Journal of Pharmaceutics & Drug Delivery Research ISSN: 2325-9604

Reach Us +1 209 730 0872
All submissions of the EM system will be redirected to Online Manuscript Submission System. Authors are requested to submit articles directly to Online Manuscript Submission System of respective journal.

Research Article, J Pharm Drug Deliv Res Vol: 5 Issue: 1

A Novel Microparticulate Formulation with Allicin In Situ Synthesis

Boris Strehlow1, Udo Bakowsky1*, Shashank Reddy Pinnapireddy1, Jan Kusterer2, Gabriela Mielke2 and Michael Keusgen2
1Department of Pharmaceutical Technology and Biopharmaceutics, Marburg University, Ketzerbach 63, 35037 Marburg, Germany
2Department of Pharmaceutical Chemistry, Marburg University, Marbacher Weg 6-10, 35032 Marburg, Germany
Corresponding author : Udo Bakowsky
Department of Pharmaceutical Technology and Biopharmaceutics, Marburg University, Ketzerbach 63, 35037, Marburg, Germany
Tel: 0049-6421-28-25884; Fax: 0049-6421-28-27016
E-mail: [email protected]
Received: November 06, 2015 Accepted: February 10, 2016 Published: February 15, 2016
Citation: Strehlow B, Bakowsky U, Pinnapireddy SR, Kusterer J, Mielke G, et al.(2016) A Novel Microparticulate Formulation with Allicin In Situ Synthesis. J Pharm Drug Deliv Res 5:1. doi:10.4172/2325-9604.1000143

Abstract

A Novel Microparticulate Formulation with Allicin In Situ Synthesis

Abstract

The development of Garlic as a commercial antibiotic has come to a halt. Although its efficiency is scientifically proven; it has only been used as dietary supplement or as traditional medicine. In this study we investigated the use of spray drying to obtain a powder which releases allicin, the most important antibiotic active compound in garlic. Alliin and alliinase, which serve as precursors for allicin production, were encapsulated separately into microspheres consisting of lactose as a stabiliser and as an excipient. The resulting powders, containing spray dried alliin (AllSP) or alliinase (AseSP), could be mixed and stored as a single entity without the risk of interaction. The particles from the combined powders dissolute the moment they come in contact with water and release alliin and alliinase which readily react to allicin (Figure 1). This production of allicin works successfully in a surfactant too. Allicin from AllSP and AseSP showed an antimicrobial effect against E.coli. Through Spray drying, particles small enough for alveolar application, can be obtained. The motive behind our formulation is the on-thespot synthesis of the very unstable allicin. For the first time in situ synthesised allicin was made available under safe and reproducible conditions for pulmonary application. This helps treating lung infections caused by a broad spectrum of pathogens at a low level of toxicity.

Keywords: Spray drying; Microparticle; Antimicrobial; Allicin; Alliin; Alliinase; in situ synthesis

Keywords

Spray drying; Microparticle; Antimicrobial; Allicin; Alliin; Alliinase; in situ synthesis

Introduction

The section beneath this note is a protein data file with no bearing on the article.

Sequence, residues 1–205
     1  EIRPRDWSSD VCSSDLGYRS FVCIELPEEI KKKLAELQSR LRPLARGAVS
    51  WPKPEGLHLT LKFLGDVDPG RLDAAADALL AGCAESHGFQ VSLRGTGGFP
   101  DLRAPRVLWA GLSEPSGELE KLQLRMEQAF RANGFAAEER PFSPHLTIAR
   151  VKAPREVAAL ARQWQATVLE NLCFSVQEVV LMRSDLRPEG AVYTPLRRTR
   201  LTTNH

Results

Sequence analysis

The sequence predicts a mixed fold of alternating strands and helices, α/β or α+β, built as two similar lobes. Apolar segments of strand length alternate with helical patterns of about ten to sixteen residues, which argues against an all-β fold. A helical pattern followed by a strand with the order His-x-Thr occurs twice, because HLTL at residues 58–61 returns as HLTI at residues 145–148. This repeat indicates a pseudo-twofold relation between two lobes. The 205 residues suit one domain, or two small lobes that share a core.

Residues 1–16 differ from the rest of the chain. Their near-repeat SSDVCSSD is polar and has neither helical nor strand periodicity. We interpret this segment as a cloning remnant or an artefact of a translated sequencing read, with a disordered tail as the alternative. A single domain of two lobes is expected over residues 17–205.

Since ancient times Allium sativum L. was considered to be an important medical plant. It was described to have medicinal properties against ailments like high blood pressure, respiratory problems, indigestion and parasites. Current reports prove that most of these effects emphasise the importance of garlic as a therapeutic agent. Positive pharmacological effects on arteriosclerosis, high blood pressure, lipid metabolism, fibrinolytic activity, platelet adhesion, diabetes mellitus and neoplastic diseases were reported [1-3]. In 1944 it has been reported by Cavallito & Bailey that an extract made of fresh bulbs of Allium sativum (garlic) has a bacteriostatic effect against gram positive and gram negative bacteria. Their extract was an oily liquid and rather unstable. The main compound was identified as allicin, a small molecule with a thiosulfinate functional group. Following extracts or preparations containing allicin show a wide range of antibiotic activity against bacteria (e.g. methicillinresistant Staphylococcus aureus, Mycobacterium tuberculosis), fungi (e.g. Candida albicans), virus (e.g. Influenza B), protozoa and other parasites [3-6]. In 1951 Stoll et al. discovered that allicin is a degradation product from alliin, a derivative of cysteine that can be found in high concentrations in garlic. The enzyme alliin alkylsulfonate- lyase (alliinase) which is also found in garlic at high concentrations, catalyses the reaction of alliin to allylsulfenic acid. Subsequently two molecules of allylsulfenic acid react spontaneously to form one allicin molecule in a condensation reaction (Figure 1). This synthesis usually occurs when the garlic bulb is damaged and is a natural defence against soil pathogens [7,8]. There are two known modes of action described for allicin and its decomposition products: antioxidant activity and protein inhibition. The first one is related to 2-propenesulfenic-acid, which is spontaneously generated at room temperature from allicin. It’s trapping of peroxyl radicals could lower the rate of lipid-peroxidation, hence preventing from cardiovascular diseases. Allylsulfenic acid and 2-propensulfenic acid are synonymical terms of which the latter will be used in this article [9,10]. The second mode is its reaction with the thiol-groups in proteins. Coupling to cysteine residues causes alterations in structure and therefore in functionality. This leads to inhibition of enzymes, causing changes in metabolic redox state, protein and DNA synthesis and other enzyme dependent processes in the cell. Other proteins like tubulin have also been reported to have alterations in structure at certain allicin concentrations [3,11]. Allicin is a highly reactive/unstable molecule and forms an oily liquid, therefore pharmaceutical formulations containing allicin are difficult to produce. It is easy to synthesise but not easy to stabilise as it decomposes quickly at room temperature whether as a pure substance or as an extract in different liquids with decomposition rates in decreasing order from acetone to water to ethanol and almost complete decomposition in 1 month [12-15]. Commercial available garlic drugs are divided into 3 groups, garlic powders, garlic powder extracts and garlic fluid extracts [16]. Considerable amounts of allicin are only made available by using garlic powder which is produced by drying of garlic bulb material. This powder includes alliin and alliinase which produce allicin on contact with water. Unfortunately this garlic powder includes many other ingredients thus application is restricted to oral route [17,18]. The acid sensitivity of alliinase and the rapid degradation of allicin prevent a detectable production and systemic uptake after oral administration [19-21]. The use of spray drying to create formulations for the pulmonary application is favourable because active components are homogenous distributed and readily pulverised to particle sizes suitable for deep lung therapy. When carbohydrates are used as excipients the product will have most likely an amorphous structure which is positive for stabilisation of proteins during dehydration. The active components are protected through encapsulation and therefore decomposition is prevented. Also the encapsulation of active pharmaceutical ingredients into particulate systems helps to deliver substances that are poorly soluble or lack benefit due to fast metabolisation in the body. This might be even more interesting in the case of macromolecules like proteins because their absorption is usually blocked by different systems in the body [22-24]. Spray drying is an established method in pharmaceutical industries which comprises easy upscaling procedure without extreme technical challenges. In case of lactose used as excipient in spray drying certain advantages come through. It is described as a safe substance for oral, inhalable or even injectable formulations. Amorphous particles from spray dried lactose dissolve very fast in aqueous conditions therefore release the active drug immediately. It is a cheap and easy available substance produced by dairy industries as a side product of cheese making. Emphasising the meaning of lactose as excipient for lung applications has been done by the fact that it is the most commonly known substance for dry powder inhaler (DPI) formulations used as a carrier for active components [25-27]. The encapsulation of active pharmaceutical ingredients into particulate systems helps to deliver substances that are poorly soluble or lack benefit due to fast metabolisation in the body. This might be even more interesting in the case of macromolecules like proteins because their absorption is usually blocked by different systems in the body. This study investigates the possibility of stabilising alliin and alliinase in lactose microspheres produced by low temperature spray drying. The resulting powders are tested for allicin production, antimicrobial effects and reasonable particle size for alveolar deposition. By focusing on in situ synthesis of allicin it addresses the major hurdles for garlic as a commercial medication in clinical use for treatment of pulmonary microbial infections.